Mental Labour Scars
During a presentation by Michael Lightborne I tonight I was struck by a couple of things he mentioned to illustrate a broader point he was making about his work, but which made me think of something else. He was talking about The Projection Project, run by Warwick University to capture the last days of the commercial 35mm film cinema projector. Michael mentioned two things.
The first, during an off-hand digression, was that the projectionists often had calloused fingers and thumbs from handling rough celluloid during the splicing process. He also alluded to sound editors whose fingers would be locked in a hook shape after decades of operating mixing desk sliders. This notion of human bodies being physically changed by industry is nothing new - it arguably started with the invention of farming circa 6,000 BCE and continues today with my neck ache after too much typing. But these physical changes are often seen as a negative thing, a bending of the natural form by unnatural activity.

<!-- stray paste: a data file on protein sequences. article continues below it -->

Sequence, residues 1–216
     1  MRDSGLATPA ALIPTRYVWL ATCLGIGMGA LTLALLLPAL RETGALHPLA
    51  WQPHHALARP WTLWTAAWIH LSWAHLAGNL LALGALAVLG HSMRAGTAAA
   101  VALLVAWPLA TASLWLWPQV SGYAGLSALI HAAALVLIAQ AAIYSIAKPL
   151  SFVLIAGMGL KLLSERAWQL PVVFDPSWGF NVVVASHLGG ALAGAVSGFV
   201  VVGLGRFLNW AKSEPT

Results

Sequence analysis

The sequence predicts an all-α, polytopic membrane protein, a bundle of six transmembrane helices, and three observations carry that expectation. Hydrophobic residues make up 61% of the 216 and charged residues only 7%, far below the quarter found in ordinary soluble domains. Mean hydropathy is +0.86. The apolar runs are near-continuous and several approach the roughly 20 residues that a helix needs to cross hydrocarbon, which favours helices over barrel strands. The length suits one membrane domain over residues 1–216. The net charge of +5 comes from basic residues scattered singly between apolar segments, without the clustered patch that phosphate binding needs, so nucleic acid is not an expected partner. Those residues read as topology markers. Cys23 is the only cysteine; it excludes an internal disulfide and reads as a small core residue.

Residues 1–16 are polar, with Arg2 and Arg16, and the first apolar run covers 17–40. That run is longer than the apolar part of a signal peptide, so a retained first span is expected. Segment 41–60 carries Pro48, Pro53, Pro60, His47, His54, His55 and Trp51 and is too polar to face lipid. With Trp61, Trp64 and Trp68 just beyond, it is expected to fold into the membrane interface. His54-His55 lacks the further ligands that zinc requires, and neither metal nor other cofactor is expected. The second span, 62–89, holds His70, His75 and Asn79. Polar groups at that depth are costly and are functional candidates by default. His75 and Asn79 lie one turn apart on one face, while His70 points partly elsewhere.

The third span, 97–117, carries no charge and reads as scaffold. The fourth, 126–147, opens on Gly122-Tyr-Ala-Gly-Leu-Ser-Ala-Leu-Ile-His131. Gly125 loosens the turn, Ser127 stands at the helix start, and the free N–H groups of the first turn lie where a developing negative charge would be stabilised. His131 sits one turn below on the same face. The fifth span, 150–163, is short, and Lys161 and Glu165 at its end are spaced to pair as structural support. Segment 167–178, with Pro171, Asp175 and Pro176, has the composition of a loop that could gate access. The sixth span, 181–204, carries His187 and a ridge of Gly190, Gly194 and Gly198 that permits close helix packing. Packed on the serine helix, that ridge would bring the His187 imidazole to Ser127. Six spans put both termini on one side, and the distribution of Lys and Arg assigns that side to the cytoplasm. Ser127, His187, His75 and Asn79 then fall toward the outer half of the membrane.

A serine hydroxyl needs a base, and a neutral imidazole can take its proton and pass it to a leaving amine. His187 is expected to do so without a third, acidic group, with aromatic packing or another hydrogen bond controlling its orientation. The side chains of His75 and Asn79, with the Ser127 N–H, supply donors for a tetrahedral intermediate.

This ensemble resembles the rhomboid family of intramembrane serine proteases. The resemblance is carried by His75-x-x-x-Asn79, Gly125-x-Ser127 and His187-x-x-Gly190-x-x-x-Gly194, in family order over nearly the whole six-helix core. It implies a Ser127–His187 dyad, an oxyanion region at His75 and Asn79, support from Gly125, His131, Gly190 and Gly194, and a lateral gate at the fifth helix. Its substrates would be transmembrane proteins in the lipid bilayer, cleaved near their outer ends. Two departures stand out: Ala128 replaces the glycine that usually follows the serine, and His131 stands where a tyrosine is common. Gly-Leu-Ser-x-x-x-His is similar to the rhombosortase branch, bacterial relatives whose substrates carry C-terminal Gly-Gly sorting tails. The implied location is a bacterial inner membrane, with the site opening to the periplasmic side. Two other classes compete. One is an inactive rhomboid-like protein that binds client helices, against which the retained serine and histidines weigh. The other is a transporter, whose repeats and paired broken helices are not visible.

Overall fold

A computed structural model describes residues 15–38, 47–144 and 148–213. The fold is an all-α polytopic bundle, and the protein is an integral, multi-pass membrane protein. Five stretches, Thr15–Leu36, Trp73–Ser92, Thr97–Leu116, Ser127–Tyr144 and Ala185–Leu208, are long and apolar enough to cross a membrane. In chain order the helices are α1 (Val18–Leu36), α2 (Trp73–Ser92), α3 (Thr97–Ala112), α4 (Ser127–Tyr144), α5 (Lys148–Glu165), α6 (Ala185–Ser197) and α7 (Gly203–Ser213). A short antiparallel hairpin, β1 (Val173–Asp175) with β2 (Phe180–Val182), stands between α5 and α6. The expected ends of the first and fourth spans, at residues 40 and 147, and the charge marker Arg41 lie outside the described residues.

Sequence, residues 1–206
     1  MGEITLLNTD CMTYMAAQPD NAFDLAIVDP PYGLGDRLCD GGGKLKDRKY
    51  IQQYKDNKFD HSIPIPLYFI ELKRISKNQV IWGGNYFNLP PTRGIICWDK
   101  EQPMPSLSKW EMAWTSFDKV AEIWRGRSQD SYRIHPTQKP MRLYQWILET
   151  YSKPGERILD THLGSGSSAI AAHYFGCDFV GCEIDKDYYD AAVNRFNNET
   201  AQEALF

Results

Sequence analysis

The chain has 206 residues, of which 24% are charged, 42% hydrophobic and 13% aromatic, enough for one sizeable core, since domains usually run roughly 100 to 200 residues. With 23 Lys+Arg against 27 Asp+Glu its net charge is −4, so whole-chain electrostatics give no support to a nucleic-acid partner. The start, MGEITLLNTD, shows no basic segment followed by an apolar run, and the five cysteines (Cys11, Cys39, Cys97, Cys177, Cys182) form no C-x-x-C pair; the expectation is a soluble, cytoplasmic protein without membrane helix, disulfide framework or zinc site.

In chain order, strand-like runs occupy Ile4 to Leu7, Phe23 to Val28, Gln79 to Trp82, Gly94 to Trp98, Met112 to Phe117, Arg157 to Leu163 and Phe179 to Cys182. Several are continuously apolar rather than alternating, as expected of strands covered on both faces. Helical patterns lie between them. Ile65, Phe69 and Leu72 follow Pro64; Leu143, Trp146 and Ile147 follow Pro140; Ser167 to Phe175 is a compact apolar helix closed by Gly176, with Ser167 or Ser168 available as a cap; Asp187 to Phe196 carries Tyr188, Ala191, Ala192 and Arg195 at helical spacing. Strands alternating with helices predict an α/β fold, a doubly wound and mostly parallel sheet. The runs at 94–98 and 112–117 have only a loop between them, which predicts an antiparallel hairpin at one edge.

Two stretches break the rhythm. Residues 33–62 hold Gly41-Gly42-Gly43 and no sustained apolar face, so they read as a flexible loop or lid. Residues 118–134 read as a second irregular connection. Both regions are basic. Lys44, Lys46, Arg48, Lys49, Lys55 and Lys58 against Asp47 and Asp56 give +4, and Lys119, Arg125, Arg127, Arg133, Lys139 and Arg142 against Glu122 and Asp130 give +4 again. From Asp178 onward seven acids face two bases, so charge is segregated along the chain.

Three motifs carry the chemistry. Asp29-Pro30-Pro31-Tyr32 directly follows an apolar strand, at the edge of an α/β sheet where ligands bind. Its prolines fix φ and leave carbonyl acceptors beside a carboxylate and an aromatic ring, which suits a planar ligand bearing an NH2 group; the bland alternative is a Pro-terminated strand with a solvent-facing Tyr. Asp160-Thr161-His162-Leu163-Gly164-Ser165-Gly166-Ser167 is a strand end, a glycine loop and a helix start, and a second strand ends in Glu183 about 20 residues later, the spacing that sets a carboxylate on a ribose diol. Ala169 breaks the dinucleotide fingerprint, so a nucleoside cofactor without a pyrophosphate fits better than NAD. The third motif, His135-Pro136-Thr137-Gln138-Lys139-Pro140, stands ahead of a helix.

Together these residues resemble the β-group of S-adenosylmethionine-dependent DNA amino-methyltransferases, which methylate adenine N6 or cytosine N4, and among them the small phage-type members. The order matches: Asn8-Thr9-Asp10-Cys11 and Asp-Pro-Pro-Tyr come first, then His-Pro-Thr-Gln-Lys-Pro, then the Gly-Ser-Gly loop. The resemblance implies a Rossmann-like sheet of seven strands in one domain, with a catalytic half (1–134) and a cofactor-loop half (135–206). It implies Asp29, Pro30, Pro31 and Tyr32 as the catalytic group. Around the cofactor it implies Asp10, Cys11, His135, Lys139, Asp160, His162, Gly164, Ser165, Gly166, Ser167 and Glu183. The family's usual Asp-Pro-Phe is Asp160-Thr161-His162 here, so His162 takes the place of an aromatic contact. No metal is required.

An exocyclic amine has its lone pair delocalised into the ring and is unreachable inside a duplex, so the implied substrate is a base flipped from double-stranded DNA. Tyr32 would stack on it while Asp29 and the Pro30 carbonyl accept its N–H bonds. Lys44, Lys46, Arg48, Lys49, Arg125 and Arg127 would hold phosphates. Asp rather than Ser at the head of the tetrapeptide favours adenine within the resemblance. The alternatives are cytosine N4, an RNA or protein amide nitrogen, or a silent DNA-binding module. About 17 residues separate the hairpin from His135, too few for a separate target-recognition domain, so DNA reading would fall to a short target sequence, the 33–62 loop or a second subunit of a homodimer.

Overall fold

The second thing was that professional projectionists could diagnose a technical fault with their equipment by the sounds it made which would be imperceptible to anyone else. Again, this is nothing new. Car mechanics often listen to an engine before looking in it, and so on.
But I wonder why this bending of the brain to work more efficiently is always seen as a good thing, while the physical stuff isn’t. Or maybe it’s that the physical stuff is demonstrably limiting - once your fingers are locked into that position you might be an awesome sound mixer but you’re never going to play the piano. A mental optimisation to hear one thing really well, meanwhile, doesn’t mean you can’t use that resource for other things. Or does it?
Does repeated mental activity cause us to think in specific ways? Can you mentally programme a population through the work you give them to do? Or am I mixing apples and oranges.
Still, I like think a shift towards thinking of the mind and body as equally malleable by outside forces is necessary as we move from the notion of free-will to something more programmable.
Pic from Richard Nicholson’s related photographic project, The Projectionists.